30. "Storytelling is all about making the reader ask: What happens next?" - Brian Grazer, A Curious Mind

31. Good writing creates tension. Tension keeps people reading. Release keeps them satisfied.

"The real writer is the one that makes you feel uncomfortable." - George Saunders

32. Balance tension, release and surprise, like a rollercoaster.

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33. “Don’t use a five-dollar word when a fifty-cent word will do.” - Mark Twain

34. Be as simple as possible, but no more.

35. Simplicity + beauty = elegance. Complexity is ugly.

36. Good writing makes assertions.

You can always admit you were wrong and update your work.

37. Better to overshoot and apologize than undershoot and have no impact.

38. To make something funny, take an old premise and flip it on its head.

“All you’d have to do is be, like, have somebody say, yeah, I won.  All right, great.  So what did I win?  You know, then all of a sudden you’re – and it’s like, why’s everybody looking at me.  Is it a car?  It’s a car, right?  I mean, you know, it doesn’t take that much to flip something.
The Simpsons has been doing it for years, all their Halloween specials.  You just take a classic Twilight Zone premise, a high-stakes Twilight Zone premise and you just tweak it really very slightly and all of a sudden you’ve got a great comedy premise.” - Simon Rich, in James Altucher’s Reinvent Yourself

39. Most writers don’t even try to be funny. Stupid f*cks.


On Editing


1. Grammar is a tool, not a rule.

Don't make changes for "correct grammar." Make changes if it sounds better in your voice. Read aloud if you're not sure. None of the authors we admire use "technically correct" grammar. Grammar should be used to facilitate readability and voice.

2. First drafts aren't permanent. Get it down, then filter out the fluff.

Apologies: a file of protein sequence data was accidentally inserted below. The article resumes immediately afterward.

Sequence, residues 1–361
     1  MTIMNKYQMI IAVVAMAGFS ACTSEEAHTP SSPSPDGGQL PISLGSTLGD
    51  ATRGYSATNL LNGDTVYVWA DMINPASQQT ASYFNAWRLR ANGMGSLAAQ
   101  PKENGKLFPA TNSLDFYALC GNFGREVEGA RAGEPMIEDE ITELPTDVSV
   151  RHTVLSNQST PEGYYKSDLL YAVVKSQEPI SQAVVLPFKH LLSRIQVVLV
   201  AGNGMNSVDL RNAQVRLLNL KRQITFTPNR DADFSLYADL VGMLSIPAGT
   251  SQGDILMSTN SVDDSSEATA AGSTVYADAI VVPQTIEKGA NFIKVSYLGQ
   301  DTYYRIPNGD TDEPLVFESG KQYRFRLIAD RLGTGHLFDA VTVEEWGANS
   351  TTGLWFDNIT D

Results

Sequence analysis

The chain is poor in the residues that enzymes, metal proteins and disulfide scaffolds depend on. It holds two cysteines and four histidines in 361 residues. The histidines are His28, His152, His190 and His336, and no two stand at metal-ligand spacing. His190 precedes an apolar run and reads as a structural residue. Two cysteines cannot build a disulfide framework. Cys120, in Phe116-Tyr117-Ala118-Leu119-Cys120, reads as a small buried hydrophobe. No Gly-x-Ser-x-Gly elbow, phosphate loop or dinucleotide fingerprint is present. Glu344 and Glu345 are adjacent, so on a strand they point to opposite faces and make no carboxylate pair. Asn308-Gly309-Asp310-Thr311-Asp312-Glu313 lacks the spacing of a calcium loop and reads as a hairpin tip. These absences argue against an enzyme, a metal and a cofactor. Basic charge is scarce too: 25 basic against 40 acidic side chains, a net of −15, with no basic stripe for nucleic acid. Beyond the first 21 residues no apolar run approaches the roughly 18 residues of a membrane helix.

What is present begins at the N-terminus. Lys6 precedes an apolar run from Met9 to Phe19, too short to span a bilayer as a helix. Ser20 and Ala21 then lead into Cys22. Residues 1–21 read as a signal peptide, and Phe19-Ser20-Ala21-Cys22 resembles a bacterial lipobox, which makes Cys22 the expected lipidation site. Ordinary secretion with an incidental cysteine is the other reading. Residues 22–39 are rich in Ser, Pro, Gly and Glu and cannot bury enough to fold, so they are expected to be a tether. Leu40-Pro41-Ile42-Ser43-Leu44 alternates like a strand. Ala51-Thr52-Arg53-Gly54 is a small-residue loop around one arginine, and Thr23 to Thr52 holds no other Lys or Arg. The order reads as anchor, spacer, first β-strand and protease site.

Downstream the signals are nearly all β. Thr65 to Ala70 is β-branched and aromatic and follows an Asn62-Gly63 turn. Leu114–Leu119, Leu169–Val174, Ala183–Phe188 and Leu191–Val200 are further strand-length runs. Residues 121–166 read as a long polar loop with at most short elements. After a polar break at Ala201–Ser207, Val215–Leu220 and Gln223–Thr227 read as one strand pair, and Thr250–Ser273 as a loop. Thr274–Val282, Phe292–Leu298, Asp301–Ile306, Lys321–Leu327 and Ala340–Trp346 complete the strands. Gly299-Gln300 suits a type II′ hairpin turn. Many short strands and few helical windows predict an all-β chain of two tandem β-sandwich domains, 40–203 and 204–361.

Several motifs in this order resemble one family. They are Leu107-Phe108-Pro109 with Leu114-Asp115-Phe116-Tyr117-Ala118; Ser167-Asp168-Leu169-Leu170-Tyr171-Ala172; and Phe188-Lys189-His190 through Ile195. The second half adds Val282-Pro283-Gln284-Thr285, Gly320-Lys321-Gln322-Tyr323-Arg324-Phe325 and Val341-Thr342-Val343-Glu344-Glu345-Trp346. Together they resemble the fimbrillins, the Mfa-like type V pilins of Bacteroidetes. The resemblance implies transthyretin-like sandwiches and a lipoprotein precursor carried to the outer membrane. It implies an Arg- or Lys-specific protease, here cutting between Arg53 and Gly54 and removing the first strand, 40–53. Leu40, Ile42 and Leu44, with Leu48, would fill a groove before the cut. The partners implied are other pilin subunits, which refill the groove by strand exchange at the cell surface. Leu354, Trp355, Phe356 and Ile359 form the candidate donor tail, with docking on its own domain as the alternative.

“Write drunk, edit sober” isn’t a cliche; it’s an apt metaphor. Write as if you’ve had a couple of drinks and have no filter. Then cut out everything unnecessary to tell your argument or story. Nobody will see your drunk scribblings.

3. Even published drafts aren't permanent. You can always update or delete them later.

Everything online (even self-published books) can be updated down the road. If you change your mind or discover a mistake, admit it and fix it.

4. Don’t edit while you write. You can’t create and analyze at the same time.

Research by psychologists Arie Kruglanski, Tory Higgins, and their colleagues suggests that we have two complementary motivational systems: the “thinking” system and the “doing” system – and we’re generally only capable of using one at a time.
Think about how you best generate new ideas. Often, you “brainstorm” or try to come up with as many ideas as possible. That is called diverging and requires our thinking system. At other times, you need to evaluate those ideas and figure out which ones are best. That is called converging, and it requires the activation of the doing system. - Art Markman, “The Thinking Mindset vs. the Doing Mindset”

5. Cut everything you write by at least a third.

6. Eliminate all fancy language.

7. Write directly and explicitly.

Plain words on plain paper. Remember what Orwell says, that good prose is like a windowpane. Cut every page you write by at least a third. Stop constructing those piffling little similes of yours. Work out what you want to say. Then say it in the most direct and vigorous way you can.
Eat meat. Drink blood. Give up your social life and don’t think you can have friends. Rise in the quiet hours of the night and prick your fingertips and use the blood for ink; that will cure you of persiflage!
But do I take my own advice? Not a bit. Persiflage is my nom de guerre. (Don’t use foreign expressions. It’s elitist.) - Hilary Mantel, Giving Up the Ghost

8. “The first draft of anything is shit.” - Ernest Hemingway.

Don’t stress about it. Finish it.

9. Don’t “kill your darlings.” Let them rest in a “deleted scenes” folder so you don’t feel like a murderer.

They’ll be sleeping if you need them.

10. The key to creativity is non-interference. The key to art is discernment.

“Creativity is allowing yourself to make mistakes. Art is knowing which ones to keep.” - Scott Adams (via Originals, by Adam Grant)

11. Make sure you’re emphasizing the right words. Make sure what you wrote is what you meant.

A written sentence has two facets to it: what you 𝙬𝙧𝙤𝙩𝙚, and what you 𝙢𝙚𝙖𝙣𝙩.
We can read what you wrote, but YOU are the only person who truly knows what you meant.
If you’re not careful, there can be a great chasm between those two things—your job is to bridge that gulf.
One of the simplest ways to ensure clarity is emphasis.